“It could be your street; it could be the walk from the subway station to your house,” Brown said. “All you need along that area are a few set points that you can remember without having to think about it.”
The set points in your spatial environment could be a mailbox, a convenience store, a peculiar tree — “just things that you’re very familiar with,” Brown said. Then come the images. For whatever list of information you’re trying to remember, pick the first thing and form a vivid image of it in your mind.
“You have to make a bizarre image of that thing,” Brown said, using the example of trying to set a mental reminder to take a suit to the dry cleaner in the morning. “[Imagine] a suit that is so clean that it’s sort of gleaming, bright white; that you can barely look at it.” You then mentally “attach” the image of the bright white suit to the first location in your memory palace — say, a mailbox along a familiar street. And you repeat this process of pairing bizarre mental images to specific locations in your memory palace for every piece of information you want to remember.
“As long as you’ve made those images as bizarre and ridiculous as I’m making them sound, which is what’s important, all you do the next day is you just mentally walk down that route again and you go, ‘Why is there a white suit on the — oh yeah, I’ve got to take my suit to the [cleaners].’”
The method of loci is useful for everyday tasks, like memorizing a simple to-do list. It can also be expanded to memorize long lists of information; it’s just a matter of expanding your mental map. For example, Brown said he often visualizes a long route through the city of London to memorize up to hundreds of things. To count cards, Brown said he visualizes a sprawling Florentine house.
“When I play cards, I visit the card room on the top floor,” Brown said in a video on his YouTube channel. “In it, I have a collection of 52 objects, each with a mnemonic link to a playing card. The clock set at seven in a dome, for example, represents the seven of diamonds.”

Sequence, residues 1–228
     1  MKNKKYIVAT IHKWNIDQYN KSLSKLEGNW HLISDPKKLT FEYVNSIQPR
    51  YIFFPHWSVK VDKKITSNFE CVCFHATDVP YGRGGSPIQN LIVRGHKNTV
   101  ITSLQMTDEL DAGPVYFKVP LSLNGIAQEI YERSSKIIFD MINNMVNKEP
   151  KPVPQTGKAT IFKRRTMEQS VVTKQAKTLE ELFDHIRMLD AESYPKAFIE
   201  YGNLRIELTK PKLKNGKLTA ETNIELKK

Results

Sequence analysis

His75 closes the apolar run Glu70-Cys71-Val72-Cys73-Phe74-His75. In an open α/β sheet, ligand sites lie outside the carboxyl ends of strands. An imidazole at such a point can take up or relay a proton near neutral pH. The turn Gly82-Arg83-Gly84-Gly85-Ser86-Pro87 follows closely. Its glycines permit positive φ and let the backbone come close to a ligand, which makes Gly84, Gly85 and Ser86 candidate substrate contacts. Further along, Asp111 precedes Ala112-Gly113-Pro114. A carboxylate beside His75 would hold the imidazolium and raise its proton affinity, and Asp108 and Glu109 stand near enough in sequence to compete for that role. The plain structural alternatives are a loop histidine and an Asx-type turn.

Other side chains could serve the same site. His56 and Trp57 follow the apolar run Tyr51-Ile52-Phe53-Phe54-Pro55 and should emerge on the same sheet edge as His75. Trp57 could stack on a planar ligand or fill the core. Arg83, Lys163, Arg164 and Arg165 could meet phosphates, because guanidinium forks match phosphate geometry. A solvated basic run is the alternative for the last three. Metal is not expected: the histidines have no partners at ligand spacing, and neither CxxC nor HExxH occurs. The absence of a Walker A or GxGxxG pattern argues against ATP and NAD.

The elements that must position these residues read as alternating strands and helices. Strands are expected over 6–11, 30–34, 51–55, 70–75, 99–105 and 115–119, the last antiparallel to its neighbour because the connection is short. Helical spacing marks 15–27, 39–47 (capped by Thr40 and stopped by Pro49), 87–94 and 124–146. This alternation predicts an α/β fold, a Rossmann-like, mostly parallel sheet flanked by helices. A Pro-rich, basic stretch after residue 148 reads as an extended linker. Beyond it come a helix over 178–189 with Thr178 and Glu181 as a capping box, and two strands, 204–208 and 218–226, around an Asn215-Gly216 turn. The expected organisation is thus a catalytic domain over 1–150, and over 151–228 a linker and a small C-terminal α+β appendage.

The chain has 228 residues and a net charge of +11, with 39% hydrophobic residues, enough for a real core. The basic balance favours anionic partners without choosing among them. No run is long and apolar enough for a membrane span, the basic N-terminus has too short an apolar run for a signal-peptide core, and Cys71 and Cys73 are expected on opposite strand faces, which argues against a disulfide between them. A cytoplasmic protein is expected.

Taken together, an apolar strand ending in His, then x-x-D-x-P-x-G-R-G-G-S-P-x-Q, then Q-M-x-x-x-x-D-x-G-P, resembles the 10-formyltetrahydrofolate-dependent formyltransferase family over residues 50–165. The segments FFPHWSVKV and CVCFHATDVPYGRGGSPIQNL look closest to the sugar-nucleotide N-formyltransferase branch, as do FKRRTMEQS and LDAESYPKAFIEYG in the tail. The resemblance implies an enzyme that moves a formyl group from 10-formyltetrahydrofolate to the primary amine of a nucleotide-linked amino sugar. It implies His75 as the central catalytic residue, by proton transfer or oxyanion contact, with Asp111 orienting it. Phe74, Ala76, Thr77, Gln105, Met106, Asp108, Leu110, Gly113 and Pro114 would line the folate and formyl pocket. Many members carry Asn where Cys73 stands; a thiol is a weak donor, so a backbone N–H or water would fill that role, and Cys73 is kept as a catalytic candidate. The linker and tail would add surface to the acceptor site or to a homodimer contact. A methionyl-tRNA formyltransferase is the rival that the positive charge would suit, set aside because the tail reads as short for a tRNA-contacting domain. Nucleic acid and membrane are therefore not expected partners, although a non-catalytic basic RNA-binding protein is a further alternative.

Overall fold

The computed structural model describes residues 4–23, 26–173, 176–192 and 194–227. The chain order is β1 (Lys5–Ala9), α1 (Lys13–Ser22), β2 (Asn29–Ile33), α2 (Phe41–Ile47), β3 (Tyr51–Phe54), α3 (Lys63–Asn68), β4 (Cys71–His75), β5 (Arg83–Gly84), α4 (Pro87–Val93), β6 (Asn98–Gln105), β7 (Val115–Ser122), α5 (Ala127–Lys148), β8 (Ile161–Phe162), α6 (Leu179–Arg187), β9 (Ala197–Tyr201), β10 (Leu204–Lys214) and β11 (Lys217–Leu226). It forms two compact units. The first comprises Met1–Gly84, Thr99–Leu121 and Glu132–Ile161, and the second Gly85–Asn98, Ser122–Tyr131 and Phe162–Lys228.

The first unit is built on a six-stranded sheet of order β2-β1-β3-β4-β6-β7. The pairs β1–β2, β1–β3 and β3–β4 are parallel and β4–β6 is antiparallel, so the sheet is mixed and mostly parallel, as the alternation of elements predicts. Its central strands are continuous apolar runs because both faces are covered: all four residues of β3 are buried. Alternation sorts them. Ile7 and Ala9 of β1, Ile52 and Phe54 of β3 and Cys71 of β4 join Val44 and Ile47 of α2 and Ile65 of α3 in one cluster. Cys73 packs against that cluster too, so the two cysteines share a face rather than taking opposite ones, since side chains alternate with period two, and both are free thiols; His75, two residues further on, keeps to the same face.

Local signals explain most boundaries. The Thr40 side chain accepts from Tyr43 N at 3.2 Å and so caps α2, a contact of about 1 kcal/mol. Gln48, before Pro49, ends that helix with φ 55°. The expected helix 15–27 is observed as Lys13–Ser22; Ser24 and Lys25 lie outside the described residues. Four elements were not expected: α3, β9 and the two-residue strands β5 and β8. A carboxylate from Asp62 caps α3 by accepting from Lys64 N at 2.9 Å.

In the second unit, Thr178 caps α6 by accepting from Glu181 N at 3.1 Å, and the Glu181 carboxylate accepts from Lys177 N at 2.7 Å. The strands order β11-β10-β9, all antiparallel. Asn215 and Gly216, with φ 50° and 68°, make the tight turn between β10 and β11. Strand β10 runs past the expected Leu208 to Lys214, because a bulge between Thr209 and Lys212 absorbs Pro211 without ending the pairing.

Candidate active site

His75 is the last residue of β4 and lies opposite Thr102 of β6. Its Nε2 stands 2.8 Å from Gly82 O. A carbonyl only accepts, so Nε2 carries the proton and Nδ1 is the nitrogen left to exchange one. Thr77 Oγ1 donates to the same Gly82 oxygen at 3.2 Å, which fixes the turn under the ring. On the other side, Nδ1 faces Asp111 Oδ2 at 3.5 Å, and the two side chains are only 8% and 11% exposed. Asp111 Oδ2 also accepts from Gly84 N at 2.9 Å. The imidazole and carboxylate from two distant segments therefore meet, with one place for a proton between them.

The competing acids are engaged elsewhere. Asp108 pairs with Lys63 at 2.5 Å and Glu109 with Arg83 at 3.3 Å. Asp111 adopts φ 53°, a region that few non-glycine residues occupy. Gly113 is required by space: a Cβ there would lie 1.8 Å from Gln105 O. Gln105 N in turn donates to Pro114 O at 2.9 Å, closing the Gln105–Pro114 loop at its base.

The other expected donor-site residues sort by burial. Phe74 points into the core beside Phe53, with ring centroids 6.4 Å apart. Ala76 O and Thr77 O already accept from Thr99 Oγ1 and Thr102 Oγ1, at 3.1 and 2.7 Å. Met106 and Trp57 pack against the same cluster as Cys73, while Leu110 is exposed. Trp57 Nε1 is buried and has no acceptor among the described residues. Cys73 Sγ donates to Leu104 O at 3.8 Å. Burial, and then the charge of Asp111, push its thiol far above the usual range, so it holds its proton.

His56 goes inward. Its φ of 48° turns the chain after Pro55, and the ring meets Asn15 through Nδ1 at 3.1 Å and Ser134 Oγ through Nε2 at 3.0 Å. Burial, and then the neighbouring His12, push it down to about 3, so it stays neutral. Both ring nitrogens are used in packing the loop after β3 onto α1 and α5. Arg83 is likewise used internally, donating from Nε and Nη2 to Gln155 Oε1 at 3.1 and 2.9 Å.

To count cards in four-deck blackjack, Brown said he mentally attaches three stickers to each object. As cards are dealt in the game, he mentally moves to the corresponding object and removes a sticker. If a card appears four times, he removes the object altogether. When he needs to determine which cards remain in the deck, he mentally scans his 52 objects and takes inventory. “Then I know when to play for high stakes.”
A surprisingly attainable skill
This sounds complicated, but it might be easier to develop this ability than you think. In the aforementioned Neuron study, researchers used fMRI to compare the brain activity and memory performance of world-class memory athletes with “naive controls” (read: everyday people with average memory capabilities).
The results revealed clear differences between memory athletes and non-athletes in terms of how regions of the brain communicate with each other. Memory athletes showed a “superior memory connectivity profile network” among brain regions like the default mode network, visual networks, and medial temporal lobe.
But more surprising was how some of the “average” participants were able to improve their memory through the method of loci. Across a series of word-memorization tests over six weeks, non-athlete participants who had started practicing the loci method significantly outperformed two control groups who did not.
And the fMRI results showed that as this group’s performance improved, the ways in which various brain regions communicated and worked with each other — a process known as functional connectivity — increasingly resembled the brain activity patterns of memory athletes. Mnemonic techniques, the researchers wrote, seem to “reorganize the brain’s functional network organization to enable superior memory performance.”
So why is the method of loci, in particular, so effective? One hypothesis is that the method boosts memory by tapping into a couple of the brain’s naturally evolved skills: visuospatial memory and navigation. In other words, it serves as a cognitive “shortcut” for remembering things because it takes information out of the abstract realm and into a vivid world of images.
The human brain is well-equipped to navigate this realm. For millions of years, the survival of primates has depended on the ability to recognize and remember spatial details within a rich, three-dimensional environment, whether it was the locations of safe shelters, the faces of people in the tribe, or the best spots to find food. So when trying to memorize thousands of digits of pi, or simply the names of people at a dinner party, you would do well to tap into the brain’s ancient aptitude for spatial and visual memory.
An earlier version of this article misstated the number of unfamiliar names and faces that Katie Kermode memorized in 15 minutes. The correct number is 224.